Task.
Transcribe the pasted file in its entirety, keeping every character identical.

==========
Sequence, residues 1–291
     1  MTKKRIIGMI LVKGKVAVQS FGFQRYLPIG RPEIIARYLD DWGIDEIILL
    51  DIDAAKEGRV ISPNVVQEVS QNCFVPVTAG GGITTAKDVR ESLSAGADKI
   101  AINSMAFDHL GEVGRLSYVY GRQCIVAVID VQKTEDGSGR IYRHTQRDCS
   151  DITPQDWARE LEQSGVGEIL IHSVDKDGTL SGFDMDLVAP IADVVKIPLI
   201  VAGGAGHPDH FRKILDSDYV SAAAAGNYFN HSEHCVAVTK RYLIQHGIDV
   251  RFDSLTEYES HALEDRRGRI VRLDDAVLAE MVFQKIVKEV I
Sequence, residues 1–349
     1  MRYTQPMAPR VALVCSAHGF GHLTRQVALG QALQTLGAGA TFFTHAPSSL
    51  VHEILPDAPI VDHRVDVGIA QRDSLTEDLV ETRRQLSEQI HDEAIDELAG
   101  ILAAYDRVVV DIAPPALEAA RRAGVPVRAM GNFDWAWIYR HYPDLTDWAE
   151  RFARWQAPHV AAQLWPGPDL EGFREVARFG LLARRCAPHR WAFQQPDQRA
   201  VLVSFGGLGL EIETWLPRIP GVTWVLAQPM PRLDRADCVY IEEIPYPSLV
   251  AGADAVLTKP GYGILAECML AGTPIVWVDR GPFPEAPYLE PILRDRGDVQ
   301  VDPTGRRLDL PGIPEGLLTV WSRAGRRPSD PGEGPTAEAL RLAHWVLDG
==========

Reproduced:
Sequence, residues 1–291
     1  MTKKRIIGMI LVKGKVAVQS FGFQRYLPIG RPEIIARYLD DWGIDEIILL
    51  DIDAAKEGRV ISPNVVQEVS QNCFVPVTAG GGITTAKDVR ESLSAGADKI
   101  AINSMAFDHL GEVGRLSYVY GRQCIVAVID VQKTEDGSGR IYRHTQRDCS
   151  DITPQDWARE LEQSGVGEIL IHSVDKDGTL SGFDMDLVAP IADVVKIPLI
   201  VAGGAGHPDH FRKILDSDYV SAAAAGNYFN HSEHCVAVTK RYLIQHGIDV
   251  RFDSLTEYES HALEDRRGRI VRLDDAVLAE MVFQKIVKEV I
Sequence, residues 1–349
     1  MRYTQPMAPR VALVCSAHGF GHLTRQVALG QALQTLGAGA TFFTHAPSSL
    51  VHEILPDAPI VDHRVDVGIA QRDSLTEDLV ETRRQLSEQI HDEAIDELAG
   101  ILAAYDRVVV DIAPPALEAA RRAGVPVRAM GNFDWAWIYR HYPDLTDWAE
   151  RFARWQAPHV AAQLWPGPDL EGFREVARFG LLARRCAPHR WAFQQPDQRA
   201  VLVSFGGLGL EIETWLPRIP GVTWVLAQPM PRLDRADCVY IEEIPYPSLV
   251  AGADAVLTKP GYGILAECML AGTPIVWVDR GPFPEAPYLE PILRDRGDVQ
   301  VDPTGRRLDL PGIPEGLLTV WSRAGRRPSD PGEGPTAEAL RLAHWVLDG